Solomon: so famous, not so faithful.
Here comes success!
A series of biblical paradigms for rethinking success. Part 6.
Who is the most famous person you can think of — The Dalai Lama? Marilyn Monroe? Princess Diana? Donald Trump? What makes them so famous? It might be because they are rich, or powerful, beautiful or a great philanthropist.
Well, whoever your most famous person is I want to introduce you to someone even more famous! Someone whose fame has lasted more than 2,500 years. It’s Solomon, the third king of Israel.
If you have a moment read 1 Kings 10:14-29, where we find the summary of Solomon’s fame listed. Here are the highlights: a base annual income of 23 tons of gold; additional income from trade routes and investments he controlled; countless exotic gifts from everyone who was important in his day; a reputation for wisdom that made national leaders seek him out; thousands of horses and chariots that made him a regional super-power; and 700 wives and 300 additional lovers! What’s more, in previous chapters his amazing palace and the temple that he built in Jerusalem are mentioned, as is his spiritual leadership of Israel. Amazing—wisdom, spiritual authority, power, wealth, sex-appeal—he had it all.
You would think that a guy like this would crop up all over the Bible - a hero of God’s people. But in the New Testament Solomon appears only six times, two of these being in genealogies and two in Jesus’ comment about the lilies of the field being more beautiful than Solomon. In fact, you could say that this great man becomes something of a footnote in the NT. By comparison, his father David—who had a smaller kingdom, fewer wives, much less wealth and a more primitive army—is mentioned in 53 places in the NT. What went wrong? Why is the Bible’s most famous character (apart from Jesus) forgotten about within the Bible’s own narrative?
In 1 Kings 11, we read about Solomon’s many wives from different nations and faiths who led Solomon astray so that he was “not fully devoted to the Lord his God” (v4) and “did not follow the Lord completely” (v6). David, despite his mistakes, remained faithful to God; Solomon, despite his privileges, did not. That is the difference. In the Bible’s economy, nothing is of greater value than faithful, ongoing, life-long devotion to the Lord God.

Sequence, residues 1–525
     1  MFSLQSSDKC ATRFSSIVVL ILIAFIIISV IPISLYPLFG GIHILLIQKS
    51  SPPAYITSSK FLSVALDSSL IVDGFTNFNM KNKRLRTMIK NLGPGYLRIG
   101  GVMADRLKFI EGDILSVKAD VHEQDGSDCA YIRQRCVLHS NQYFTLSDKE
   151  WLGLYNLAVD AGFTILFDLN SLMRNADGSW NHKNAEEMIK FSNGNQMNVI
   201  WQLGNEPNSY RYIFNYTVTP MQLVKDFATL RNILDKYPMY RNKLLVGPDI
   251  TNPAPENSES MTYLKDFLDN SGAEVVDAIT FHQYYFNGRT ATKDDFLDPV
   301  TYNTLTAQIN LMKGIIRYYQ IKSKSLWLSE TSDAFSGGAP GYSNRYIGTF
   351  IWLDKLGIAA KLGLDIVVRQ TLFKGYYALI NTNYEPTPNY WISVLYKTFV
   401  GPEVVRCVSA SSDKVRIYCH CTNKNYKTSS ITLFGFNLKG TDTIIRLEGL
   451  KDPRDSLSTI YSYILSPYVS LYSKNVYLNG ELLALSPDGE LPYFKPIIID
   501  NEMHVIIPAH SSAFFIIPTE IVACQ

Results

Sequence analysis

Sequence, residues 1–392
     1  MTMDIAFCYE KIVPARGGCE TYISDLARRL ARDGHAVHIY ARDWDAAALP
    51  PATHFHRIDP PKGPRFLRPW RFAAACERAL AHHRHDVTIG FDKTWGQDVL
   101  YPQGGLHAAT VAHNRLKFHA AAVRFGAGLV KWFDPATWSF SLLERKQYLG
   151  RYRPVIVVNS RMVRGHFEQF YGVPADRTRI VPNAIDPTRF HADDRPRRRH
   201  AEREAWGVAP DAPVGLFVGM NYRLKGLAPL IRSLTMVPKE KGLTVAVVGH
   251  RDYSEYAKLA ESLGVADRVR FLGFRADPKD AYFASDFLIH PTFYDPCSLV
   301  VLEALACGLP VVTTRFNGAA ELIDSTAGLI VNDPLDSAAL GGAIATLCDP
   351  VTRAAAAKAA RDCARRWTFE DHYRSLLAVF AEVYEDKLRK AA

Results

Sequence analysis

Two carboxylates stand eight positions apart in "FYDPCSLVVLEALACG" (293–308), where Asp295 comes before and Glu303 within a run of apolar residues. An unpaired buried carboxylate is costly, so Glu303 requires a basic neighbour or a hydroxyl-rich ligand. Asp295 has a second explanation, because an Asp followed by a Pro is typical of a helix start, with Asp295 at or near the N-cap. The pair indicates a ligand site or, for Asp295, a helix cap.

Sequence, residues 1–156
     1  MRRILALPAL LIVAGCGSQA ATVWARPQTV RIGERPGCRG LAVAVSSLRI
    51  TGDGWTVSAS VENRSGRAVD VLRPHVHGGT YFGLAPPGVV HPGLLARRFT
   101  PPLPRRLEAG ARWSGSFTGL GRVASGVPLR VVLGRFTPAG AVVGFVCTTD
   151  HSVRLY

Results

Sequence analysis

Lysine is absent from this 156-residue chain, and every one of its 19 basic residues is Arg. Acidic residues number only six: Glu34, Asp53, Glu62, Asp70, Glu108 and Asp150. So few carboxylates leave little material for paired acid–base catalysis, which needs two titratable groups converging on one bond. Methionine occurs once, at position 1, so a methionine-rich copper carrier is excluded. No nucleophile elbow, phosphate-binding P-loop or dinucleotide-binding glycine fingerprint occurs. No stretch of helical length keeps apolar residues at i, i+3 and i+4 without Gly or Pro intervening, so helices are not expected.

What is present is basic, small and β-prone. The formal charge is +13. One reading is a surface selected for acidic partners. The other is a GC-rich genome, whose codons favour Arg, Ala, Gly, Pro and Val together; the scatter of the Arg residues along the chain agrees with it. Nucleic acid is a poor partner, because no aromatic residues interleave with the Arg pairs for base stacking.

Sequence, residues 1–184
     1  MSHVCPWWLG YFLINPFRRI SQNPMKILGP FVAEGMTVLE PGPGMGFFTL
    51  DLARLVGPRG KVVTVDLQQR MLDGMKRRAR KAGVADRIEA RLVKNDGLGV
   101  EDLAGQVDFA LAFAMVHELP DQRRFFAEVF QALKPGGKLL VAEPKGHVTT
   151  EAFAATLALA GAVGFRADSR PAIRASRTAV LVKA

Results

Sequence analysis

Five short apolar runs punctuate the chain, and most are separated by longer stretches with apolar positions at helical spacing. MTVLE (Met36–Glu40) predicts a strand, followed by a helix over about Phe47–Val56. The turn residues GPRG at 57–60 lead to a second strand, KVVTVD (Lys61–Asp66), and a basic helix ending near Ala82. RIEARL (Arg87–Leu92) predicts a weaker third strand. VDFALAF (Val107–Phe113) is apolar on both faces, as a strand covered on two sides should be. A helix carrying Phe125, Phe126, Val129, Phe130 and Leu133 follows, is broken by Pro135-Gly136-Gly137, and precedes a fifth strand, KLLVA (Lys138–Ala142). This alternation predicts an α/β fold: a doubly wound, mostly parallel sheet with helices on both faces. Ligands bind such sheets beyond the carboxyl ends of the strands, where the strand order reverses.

In fact, if you look back at Deuteronomy 17:14-17, the Lord is clear about the expected behaviour of any king that Israel might have in the future. God gives three strict instructions:
- he must not have many horses (v16),
- he must not have many wives (v17), and
- he must not accumulate large amounts of gold!
Solomon got it wrong on every count, and 1 Kings 10 actually reads like a damning indictment in the light of this warning.
At the end of the day, there’s nothing wrong with wealth, authority, influence, good looks, or wisdom—these are all gifts from God. But each of them has the power to turn our heads and dominate our interest to the detriment of our relationship with the living God. As Jesus says in Matthew 6:21, “For where your treasure is there your heart will be also.”
It is always worthwhile auditing our hearts. What are my dreams? Where is my security? Where is my focus? Do I make ‘allowance’ for sinful habits? Because if Solomon could fall, history has clearly taught us that the same could happen to any of us.
We would all benefit from taking the advice given to the king in Deuteronomy 17:19. We should keep God’s law with us wherever we go and read it all the days of our lives, so that we may learn to honour God and follow the words of his law.
Image Credit: 'The Visit of the Queen of Sheba to King Solomon', oil on canvas painting by Edward Poynter